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Friday Nights at NOMA: Music by Mykia Jovan | Artist Perspective with Carlos Rolón
June 15 at 6:00 PM - 9:00 PM
Friday Nights at NOMA opens the museum’s doors for many interesting activities throughout the year: live music, movies, children’s activities, and more. Regular admission prices apply—NOMA members are FREE—but there is no extra charge for programs or films. All galleries, the Museum Shop, and Café NOMA remain open till 9 pm.
- 5 – 8 pm: Art on the Spot family activity table
- 5:30 – 8:30 pm: Music by Mykia Jovan
- 6 pm: Gallery tour of Carlos Rolón: Outside/In with Curator Katie Pfohl
- 6:30 pm: Create Late (Advance registration required)
- 7 pm: Dreaming About America and Color TVs: A Lecture by Artist Carlos Rolón
ABOUT MYKIA JOVAN
Mykia Jovan is a vocalist and songwriter from New Orleans, Louisiana. Her unique voice has drawn natural comparisons to the great Billie Holiday and Erykah Badu, while her original compositions and live performances have established her as a singular voice in the modern progressive soul scene. Mykia was recently nominated for Best Emerging Artist in 2017 by Offbeat Magazine while her debut album, Elliyahu, was named a Top 50 Album of the Year by the publication. The lead single 16 Shots quickly received over 100,000 streams on Spotify and was included on one of the platform’s official playlists alongside artists Christian Scott aTunde Adjuah and Kamasi Washington among others.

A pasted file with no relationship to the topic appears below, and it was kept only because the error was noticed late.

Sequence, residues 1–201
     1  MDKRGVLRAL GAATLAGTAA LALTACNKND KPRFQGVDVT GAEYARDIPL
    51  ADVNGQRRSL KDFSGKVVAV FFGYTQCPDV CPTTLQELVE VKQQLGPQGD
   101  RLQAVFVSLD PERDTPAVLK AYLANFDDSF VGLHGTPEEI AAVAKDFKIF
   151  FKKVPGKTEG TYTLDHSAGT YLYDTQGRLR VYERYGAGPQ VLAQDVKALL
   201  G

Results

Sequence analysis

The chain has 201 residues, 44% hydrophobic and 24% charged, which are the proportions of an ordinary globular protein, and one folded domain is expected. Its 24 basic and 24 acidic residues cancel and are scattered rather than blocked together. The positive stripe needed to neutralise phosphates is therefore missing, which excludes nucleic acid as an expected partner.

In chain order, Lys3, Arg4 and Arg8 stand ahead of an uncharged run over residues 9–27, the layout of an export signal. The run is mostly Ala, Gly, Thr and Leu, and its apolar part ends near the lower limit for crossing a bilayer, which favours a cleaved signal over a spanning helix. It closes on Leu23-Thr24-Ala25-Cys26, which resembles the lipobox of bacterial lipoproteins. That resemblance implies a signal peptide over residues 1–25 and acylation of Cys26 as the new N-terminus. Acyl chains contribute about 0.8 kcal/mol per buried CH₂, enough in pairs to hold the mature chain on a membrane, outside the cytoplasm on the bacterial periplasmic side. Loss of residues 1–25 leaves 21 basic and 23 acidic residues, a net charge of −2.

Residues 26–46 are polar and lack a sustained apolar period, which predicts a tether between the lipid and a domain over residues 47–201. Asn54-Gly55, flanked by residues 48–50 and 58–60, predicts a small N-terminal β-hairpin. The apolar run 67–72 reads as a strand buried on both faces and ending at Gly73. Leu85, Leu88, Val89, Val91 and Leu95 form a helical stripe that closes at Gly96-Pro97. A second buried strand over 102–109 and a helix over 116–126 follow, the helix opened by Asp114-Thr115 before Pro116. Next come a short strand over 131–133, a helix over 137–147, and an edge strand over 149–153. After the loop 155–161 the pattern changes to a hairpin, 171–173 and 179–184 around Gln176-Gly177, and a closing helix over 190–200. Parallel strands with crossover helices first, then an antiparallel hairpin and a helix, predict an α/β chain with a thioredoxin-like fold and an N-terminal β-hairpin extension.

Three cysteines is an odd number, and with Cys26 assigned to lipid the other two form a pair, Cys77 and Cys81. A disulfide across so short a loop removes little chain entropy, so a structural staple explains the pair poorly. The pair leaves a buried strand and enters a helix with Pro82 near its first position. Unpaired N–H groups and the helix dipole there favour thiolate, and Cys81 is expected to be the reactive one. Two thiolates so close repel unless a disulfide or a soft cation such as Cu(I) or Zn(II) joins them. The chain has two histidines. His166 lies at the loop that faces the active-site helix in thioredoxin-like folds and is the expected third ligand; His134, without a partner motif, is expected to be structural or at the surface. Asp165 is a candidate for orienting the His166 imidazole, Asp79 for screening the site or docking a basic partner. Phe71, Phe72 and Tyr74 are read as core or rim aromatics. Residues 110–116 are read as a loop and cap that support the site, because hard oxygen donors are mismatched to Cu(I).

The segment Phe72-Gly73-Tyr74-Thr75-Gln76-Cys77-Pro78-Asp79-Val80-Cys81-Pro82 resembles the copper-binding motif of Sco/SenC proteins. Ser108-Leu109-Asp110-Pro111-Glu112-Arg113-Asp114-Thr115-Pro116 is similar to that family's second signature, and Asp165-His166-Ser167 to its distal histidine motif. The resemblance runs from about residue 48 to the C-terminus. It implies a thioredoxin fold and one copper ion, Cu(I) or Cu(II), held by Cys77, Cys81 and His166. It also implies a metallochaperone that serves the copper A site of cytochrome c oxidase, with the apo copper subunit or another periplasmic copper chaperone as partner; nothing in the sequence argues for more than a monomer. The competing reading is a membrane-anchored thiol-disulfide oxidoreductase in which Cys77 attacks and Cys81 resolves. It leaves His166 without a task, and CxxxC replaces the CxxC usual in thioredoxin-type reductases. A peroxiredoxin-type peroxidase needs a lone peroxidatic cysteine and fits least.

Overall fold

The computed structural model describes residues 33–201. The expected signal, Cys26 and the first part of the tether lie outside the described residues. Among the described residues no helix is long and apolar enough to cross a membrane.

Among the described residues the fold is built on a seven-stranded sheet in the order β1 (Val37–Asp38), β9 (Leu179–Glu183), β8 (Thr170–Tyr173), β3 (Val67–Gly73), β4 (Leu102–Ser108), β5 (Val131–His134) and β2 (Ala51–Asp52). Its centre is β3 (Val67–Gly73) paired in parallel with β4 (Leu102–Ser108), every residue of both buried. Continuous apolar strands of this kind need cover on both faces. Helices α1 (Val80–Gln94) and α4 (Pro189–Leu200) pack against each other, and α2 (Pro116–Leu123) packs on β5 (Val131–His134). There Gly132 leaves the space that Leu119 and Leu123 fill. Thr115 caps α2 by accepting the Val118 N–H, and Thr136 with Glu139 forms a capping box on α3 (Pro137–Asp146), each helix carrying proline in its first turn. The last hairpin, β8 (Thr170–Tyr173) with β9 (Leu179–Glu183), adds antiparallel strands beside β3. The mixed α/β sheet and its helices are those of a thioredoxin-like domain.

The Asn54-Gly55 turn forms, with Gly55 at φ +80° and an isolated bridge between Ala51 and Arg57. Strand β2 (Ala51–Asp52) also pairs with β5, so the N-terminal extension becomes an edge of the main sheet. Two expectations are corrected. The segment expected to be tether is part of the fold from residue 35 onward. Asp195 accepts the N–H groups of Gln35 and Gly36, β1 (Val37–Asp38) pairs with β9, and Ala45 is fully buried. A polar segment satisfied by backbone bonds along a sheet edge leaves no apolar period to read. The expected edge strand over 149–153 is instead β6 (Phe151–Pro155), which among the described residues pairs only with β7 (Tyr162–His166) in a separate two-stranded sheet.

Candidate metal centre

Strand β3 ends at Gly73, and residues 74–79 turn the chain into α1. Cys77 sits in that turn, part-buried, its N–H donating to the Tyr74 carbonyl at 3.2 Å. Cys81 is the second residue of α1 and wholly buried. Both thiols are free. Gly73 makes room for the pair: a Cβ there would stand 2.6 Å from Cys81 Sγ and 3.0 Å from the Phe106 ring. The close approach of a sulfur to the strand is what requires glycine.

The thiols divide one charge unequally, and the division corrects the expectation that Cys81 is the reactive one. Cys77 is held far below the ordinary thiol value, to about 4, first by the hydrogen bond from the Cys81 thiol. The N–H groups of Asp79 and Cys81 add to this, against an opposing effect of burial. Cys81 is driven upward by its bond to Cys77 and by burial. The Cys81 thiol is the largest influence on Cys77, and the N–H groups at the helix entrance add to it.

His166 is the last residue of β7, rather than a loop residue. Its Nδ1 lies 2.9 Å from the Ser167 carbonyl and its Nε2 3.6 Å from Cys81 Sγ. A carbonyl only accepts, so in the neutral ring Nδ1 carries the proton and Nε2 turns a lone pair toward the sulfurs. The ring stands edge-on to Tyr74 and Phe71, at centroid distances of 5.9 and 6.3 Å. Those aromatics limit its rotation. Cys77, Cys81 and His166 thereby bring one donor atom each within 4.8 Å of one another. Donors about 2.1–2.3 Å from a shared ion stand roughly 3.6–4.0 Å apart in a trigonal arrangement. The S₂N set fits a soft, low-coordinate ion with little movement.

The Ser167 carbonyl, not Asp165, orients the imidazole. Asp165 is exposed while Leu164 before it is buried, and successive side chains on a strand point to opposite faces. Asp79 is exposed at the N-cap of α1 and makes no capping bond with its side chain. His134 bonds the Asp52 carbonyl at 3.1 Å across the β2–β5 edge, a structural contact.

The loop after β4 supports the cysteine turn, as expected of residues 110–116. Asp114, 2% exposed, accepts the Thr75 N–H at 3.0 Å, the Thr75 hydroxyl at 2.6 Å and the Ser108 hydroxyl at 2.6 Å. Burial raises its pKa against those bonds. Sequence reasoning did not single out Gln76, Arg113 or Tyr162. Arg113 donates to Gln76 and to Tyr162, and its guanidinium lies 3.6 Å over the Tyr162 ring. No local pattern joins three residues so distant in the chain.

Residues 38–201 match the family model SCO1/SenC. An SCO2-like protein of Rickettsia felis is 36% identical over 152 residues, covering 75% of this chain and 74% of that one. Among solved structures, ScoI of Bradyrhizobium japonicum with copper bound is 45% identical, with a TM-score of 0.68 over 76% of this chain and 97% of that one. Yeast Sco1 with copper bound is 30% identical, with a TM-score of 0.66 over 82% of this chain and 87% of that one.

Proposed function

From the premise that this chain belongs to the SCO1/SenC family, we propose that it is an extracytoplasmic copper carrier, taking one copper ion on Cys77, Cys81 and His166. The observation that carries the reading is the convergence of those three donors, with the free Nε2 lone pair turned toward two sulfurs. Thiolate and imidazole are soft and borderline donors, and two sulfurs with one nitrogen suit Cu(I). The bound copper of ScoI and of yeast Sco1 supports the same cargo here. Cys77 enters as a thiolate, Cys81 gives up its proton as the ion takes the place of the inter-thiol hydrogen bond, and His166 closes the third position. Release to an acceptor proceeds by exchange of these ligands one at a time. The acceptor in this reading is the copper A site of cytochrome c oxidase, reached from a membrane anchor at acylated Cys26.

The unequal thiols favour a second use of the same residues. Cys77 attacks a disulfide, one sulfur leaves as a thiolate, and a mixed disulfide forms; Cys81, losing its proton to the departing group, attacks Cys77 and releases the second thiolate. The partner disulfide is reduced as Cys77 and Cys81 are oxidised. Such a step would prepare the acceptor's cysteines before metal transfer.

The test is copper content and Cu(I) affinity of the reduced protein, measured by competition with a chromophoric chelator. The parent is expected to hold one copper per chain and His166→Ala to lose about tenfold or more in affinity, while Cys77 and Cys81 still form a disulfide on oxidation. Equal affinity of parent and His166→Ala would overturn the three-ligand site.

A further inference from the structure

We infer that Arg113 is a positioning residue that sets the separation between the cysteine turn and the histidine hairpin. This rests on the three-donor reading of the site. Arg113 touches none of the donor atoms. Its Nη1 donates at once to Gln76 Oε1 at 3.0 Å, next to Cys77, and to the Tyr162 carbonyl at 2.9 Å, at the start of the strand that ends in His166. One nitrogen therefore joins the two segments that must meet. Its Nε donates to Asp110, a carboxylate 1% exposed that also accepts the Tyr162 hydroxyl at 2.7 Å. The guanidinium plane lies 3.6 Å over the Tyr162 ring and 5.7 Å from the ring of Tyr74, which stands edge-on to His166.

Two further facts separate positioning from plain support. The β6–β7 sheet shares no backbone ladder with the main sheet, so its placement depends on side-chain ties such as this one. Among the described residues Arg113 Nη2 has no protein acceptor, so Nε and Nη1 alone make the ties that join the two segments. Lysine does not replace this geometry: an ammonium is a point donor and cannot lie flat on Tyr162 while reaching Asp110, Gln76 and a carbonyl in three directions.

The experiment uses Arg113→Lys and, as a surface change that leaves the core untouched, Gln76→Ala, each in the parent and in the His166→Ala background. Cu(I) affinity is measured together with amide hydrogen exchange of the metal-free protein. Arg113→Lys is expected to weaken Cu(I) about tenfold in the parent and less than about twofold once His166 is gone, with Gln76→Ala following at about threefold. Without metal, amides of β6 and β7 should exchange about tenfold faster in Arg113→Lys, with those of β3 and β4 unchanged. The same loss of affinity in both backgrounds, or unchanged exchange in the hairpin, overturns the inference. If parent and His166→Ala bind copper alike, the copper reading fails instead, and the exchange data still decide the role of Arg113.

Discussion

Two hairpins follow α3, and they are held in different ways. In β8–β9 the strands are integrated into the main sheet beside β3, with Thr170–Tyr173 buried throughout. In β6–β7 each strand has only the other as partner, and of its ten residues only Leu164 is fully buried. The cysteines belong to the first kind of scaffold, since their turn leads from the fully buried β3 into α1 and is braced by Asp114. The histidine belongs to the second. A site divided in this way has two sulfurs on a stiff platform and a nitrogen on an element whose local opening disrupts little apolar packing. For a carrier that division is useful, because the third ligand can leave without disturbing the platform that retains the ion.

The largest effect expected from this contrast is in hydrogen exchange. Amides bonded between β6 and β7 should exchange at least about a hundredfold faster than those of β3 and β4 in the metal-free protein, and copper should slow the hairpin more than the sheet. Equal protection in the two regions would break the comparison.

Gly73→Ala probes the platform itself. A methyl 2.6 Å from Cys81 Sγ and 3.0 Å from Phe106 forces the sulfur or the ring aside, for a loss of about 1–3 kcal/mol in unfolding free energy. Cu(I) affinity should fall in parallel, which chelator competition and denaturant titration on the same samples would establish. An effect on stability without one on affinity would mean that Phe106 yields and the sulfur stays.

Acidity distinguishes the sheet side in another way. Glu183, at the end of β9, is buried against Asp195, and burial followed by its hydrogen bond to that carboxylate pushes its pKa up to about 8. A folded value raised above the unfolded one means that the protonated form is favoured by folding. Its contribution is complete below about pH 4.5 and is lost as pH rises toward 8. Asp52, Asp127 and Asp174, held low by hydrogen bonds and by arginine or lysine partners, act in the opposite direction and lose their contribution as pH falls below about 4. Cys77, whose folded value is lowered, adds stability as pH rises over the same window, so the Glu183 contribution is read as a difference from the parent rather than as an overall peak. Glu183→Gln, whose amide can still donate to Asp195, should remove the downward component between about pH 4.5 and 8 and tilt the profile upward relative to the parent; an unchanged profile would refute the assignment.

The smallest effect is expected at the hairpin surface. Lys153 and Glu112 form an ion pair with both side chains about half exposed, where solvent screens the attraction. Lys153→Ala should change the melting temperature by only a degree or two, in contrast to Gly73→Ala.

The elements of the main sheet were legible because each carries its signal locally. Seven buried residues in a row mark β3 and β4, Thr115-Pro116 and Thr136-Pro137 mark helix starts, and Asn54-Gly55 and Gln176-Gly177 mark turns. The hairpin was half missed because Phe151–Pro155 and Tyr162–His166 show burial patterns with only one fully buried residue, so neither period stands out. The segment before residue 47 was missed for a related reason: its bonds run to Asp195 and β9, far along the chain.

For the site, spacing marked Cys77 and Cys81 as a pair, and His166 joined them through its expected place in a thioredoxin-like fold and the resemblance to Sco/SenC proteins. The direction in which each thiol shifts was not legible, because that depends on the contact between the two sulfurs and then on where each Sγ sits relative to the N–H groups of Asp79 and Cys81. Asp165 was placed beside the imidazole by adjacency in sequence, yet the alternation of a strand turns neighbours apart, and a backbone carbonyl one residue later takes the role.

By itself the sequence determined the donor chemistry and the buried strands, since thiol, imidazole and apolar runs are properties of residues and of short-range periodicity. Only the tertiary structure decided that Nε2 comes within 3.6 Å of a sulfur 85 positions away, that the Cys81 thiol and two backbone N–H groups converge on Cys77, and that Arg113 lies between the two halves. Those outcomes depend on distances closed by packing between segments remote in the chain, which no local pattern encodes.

ABOUT CARLOS ROLóN
Artist Carlos Rolón (b. 1970), previously known as Dzine, is the American-born son of Puerto Rican immigrants. His works question the concept of luxury and craft while exploring questions of identity, integration, and aspiration. NOMA is hosting his solo exhibition, Carlos Rolón: Outside/In through August 26, 2018. He attended Columbia College, Chicago, with a concentration in painting and drawing. Rolón has been recognized for his elaborately crafted paintings, ornate sculptures and works that come out of American, Latino, and uniquely based subcultures. The work often addresses his biography by melding memory and the imaginary with carefully crafted, hybrid works that are playfully situated between the contradictory worlds of conspicuous consumption and urban artifact. Rolón illuminates how the masculine can become delicate and the how the baroque can be minimal. The artist often channels this approach with site-specific installation work, vivid large-scale paintings and ornate sculptures in various materials expanding on ideas of self-reflection and imagined luxury. The works ultimately produce a hybrid language of social practice, painting and sculpture inviting the viewer to engage in discourse and discussion.